In fairness, UKIP provide an outline of costings (which only Labour can say they’ve done to date). Maybe in many respects they’re being optimistic about the amount of money “saved” by leaving the EU and the possible impact of Brexit on trade and tax revenues, proposing to walk away with no deal and no negotiations.

Some of their more interesting policies relate to constitutional reform and are, in some respects, more radical than any of the other parties – like their proposal for national referendums every 2 years of the most popular topics, which could (I’m being cheeky here) presumably include rejoining the EU? Or, more sinisterly, reintroducing the death penalty.

Pirate Party (pdf)

Standing in: Cardiff South & Penarth; Gower; Vale of Glamorgan

 

      • Reform copyright laws, including cutting copyright duration to 10 years.
      • End mass surveillance and put in stronger protections covering government and commercially-collected data; strengthen the right to free speech.
      • No more bank bailouts.
      • Supports the introduction of a Land Value Tax.
      • Re-nationalise Royal Mail and the railways.
      • End public subsidies for fossil fuels.
      • All judicial processes should be fair, open and accountable; no more secret courts and reverse cuts to legal aid.
      • Retain the Human Rights Act and remain a party to the European Convention of Human Rights.
      • Remove the benefit cap and end age discrimination in the benefits system.
      • Supports the introduction of a universal basic income.

Leader of the Pirate Party, David Elson – who’s standing in the Vale of Glamorgan – said:

For me the most important of our three core policies is the right to free speech. Many other policies parties don’t even include ‘free speech’ in their manifesto, which is very telling.

 

Copyright reform sounds a niche policy to find at the front of a manifesto, but think about just how much of our education, science, health care – many things in our day to day lives – are behind a copyright wall. Copyright has been weaponised and is strangling creativity and innovation. We want a copyright system that opens access the best medicines, enables academics to access the most recent research, and ensures creators to get their dues – not a big publishing label.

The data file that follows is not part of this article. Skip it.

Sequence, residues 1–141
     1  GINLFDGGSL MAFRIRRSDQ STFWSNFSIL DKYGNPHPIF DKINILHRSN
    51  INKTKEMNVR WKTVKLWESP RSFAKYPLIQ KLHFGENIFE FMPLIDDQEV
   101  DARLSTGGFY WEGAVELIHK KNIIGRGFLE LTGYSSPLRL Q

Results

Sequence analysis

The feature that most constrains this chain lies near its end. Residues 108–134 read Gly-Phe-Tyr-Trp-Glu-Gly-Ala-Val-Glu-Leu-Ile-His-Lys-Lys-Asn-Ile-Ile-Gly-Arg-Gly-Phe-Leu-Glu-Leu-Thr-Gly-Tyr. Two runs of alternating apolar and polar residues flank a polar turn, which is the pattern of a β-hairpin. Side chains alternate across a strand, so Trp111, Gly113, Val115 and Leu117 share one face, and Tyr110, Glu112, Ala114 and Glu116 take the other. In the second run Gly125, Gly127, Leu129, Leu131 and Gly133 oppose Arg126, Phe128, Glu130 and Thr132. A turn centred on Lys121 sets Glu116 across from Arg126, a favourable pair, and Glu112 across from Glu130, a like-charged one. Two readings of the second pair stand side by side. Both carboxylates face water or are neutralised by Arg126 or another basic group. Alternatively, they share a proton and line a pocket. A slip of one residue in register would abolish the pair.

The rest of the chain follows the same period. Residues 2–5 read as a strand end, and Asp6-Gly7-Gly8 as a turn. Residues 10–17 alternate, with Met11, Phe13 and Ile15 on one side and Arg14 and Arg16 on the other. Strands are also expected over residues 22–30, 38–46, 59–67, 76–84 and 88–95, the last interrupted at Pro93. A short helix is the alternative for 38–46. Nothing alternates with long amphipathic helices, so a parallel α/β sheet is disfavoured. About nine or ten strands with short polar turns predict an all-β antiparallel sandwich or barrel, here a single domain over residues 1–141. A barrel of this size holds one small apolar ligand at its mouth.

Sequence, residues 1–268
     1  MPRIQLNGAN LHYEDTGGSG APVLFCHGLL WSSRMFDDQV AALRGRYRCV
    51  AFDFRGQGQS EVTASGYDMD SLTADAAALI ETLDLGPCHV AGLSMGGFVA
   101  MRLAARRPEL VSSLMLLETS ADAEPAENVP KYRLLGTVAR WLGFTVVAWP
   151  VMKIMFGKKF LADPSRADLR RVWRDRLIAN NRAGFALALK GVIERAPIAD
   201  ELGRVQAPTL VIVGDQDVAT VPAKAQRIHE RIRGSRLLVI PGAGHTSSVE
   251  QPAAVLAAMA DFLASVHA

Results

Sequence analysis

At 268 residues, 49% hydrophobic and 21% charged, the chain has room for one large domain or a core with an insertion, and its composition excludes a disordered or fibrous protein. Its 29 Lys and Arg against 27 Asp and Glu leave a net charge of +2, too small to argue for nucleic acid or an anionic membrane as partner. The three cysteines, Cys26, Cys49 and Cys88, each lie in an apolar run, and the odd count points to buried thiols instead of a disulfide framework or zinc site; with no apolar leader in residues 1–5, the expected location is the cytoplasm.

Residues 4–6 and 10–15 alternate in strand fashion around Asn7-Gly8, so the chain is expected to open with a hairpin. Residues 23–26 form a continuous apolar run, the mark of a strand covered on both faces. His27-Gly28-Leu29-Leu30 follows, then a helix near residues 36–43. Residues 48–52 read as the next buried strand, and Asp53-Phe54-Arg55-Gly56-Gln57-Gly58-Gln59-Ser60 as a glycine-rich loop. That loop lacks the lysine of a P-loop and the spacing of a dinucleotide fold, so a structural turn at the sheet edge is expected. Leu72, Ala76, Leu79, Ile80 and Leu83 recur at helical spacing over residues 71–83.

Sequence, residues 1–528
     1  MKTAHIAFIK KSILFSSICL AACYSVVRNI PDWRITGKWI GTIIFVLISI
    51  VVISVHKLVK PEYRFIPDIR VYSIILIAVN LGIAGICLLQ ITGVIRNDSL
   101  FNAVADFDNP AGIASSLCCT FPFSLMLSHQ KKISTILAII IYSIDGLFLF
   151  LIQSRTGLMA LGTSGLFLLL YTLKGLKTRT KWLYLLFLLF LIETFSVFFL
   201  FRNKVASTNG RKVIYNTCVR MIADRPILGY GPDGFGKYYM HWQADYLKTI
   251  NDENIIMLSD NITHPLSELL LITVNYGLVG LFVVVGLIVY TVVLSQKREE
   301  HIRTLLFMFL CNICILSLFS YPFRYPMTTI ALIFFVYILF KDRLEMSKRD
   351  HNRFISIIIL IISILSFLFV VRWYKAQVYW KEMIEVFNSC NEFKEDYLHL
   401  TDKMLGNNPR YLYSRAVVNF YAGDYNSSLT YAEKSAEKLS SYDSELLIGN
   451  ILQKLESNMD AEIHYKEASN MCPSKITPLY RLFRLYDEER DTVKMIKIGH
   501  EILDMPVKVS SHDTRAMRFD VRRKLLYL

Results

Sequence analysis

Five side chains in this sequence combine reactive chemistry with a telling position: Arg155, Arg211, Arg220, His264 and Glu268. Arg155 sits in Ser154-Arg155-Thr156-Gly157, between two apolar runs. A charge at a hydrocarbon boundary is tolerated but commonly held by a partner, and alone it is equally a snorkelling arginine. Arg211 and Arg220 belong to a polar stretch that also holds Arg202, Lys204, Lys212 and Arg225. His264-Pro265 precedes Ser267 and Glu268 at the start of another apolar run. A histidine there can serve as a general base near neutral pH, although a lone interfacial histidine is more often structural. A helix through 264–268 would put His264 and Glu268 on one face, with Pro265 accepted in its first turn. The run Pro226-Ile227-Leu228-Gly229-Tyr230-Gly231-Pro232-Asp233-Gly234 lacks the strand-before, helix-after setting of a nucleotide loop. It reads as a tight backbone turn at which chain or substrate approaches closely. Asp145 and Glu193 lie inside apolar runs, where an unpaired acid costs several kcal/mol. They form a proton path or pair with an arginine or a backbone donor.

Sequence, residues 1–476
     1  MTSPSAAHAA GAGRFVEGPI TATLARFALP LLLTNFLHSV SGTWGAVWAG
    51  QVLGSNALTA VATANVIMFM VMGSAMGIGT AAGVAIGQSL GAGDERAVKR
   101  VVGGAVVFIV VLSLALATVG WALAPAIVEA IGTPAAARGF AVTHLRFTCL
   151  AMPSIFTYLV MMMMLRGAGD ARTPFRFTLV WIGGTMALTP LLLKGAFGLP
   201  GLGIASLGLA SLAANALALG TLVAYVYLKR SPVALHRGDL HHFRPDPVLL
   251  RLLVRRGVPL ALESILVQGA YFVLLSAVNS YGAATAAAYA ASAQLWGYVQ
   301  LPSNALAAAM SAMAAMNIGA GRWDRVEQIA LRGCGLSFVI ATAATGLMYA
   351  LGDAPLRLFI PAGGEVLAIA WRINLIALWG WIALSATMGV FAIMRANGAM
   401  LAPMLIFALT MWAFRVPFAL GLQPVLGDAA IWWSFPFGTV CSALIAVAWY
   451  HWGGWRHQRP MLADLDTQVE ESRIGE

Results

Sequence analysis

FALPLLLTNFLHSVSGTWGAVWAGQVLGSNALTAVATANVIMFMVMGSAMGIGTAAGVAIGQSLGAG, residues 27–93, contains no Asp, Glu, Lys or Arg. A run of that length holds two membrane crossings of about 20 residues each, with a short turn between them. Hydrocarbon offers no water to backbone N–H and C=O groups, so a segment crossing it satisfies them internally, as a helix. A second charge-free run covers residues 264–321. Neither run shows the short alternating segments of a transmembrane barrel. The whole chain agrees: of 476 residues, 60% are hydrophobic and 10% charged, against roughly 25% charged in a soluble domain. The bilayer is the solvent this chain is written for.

With the disastrous passing of the ‘Snoopers Charter’, now more than ever do we need a strong Pirate voice to protect our privacy. Back-doors into encryption put us at risk, don’t make us safer and no one in Westminster understands how to handle modern technology and to ensure it’s used for good.”

Independents

Standing in: Bridgend; Gower; Newport East

Independents usually stand on their own policies, so there’s no single manifesto and you’ll have to look them up yourselves. I’ll be giving a more detailed outline of the proposals from Bridgend’s independent candidate (Cllr. Isabel Robson) in the next week or two.

Socialist Party of Great Britain (link)

Standing in: Swansea West

 

      • Public ownership of the means of production and living.
      • Society is divided by a class struggle between haves and have nots and can only be abolished through emancipation of the working class.
      • “Wage war” against any (i.e all) political parties that support capitalism.


Not to be confused with the (Arthur Scargill) Socialist Party, or the Socialist Workers Party –“Splitters!”

Monster Raving Loony Party (link)

Standing in: Ceredigion

 

    • Free woollen hats for all (so they can pull the wool over people’s eyes).
    • Puddles deeper than 3 inches will be marked with a yellow plastic duck.
    • Innocent prisoners will be released to reduce overcrowding.
    • Opposes capital punishment as it’s unfair to Londoners.
    • Wind farms will be created nationwide, where breaking wind will be encouraged.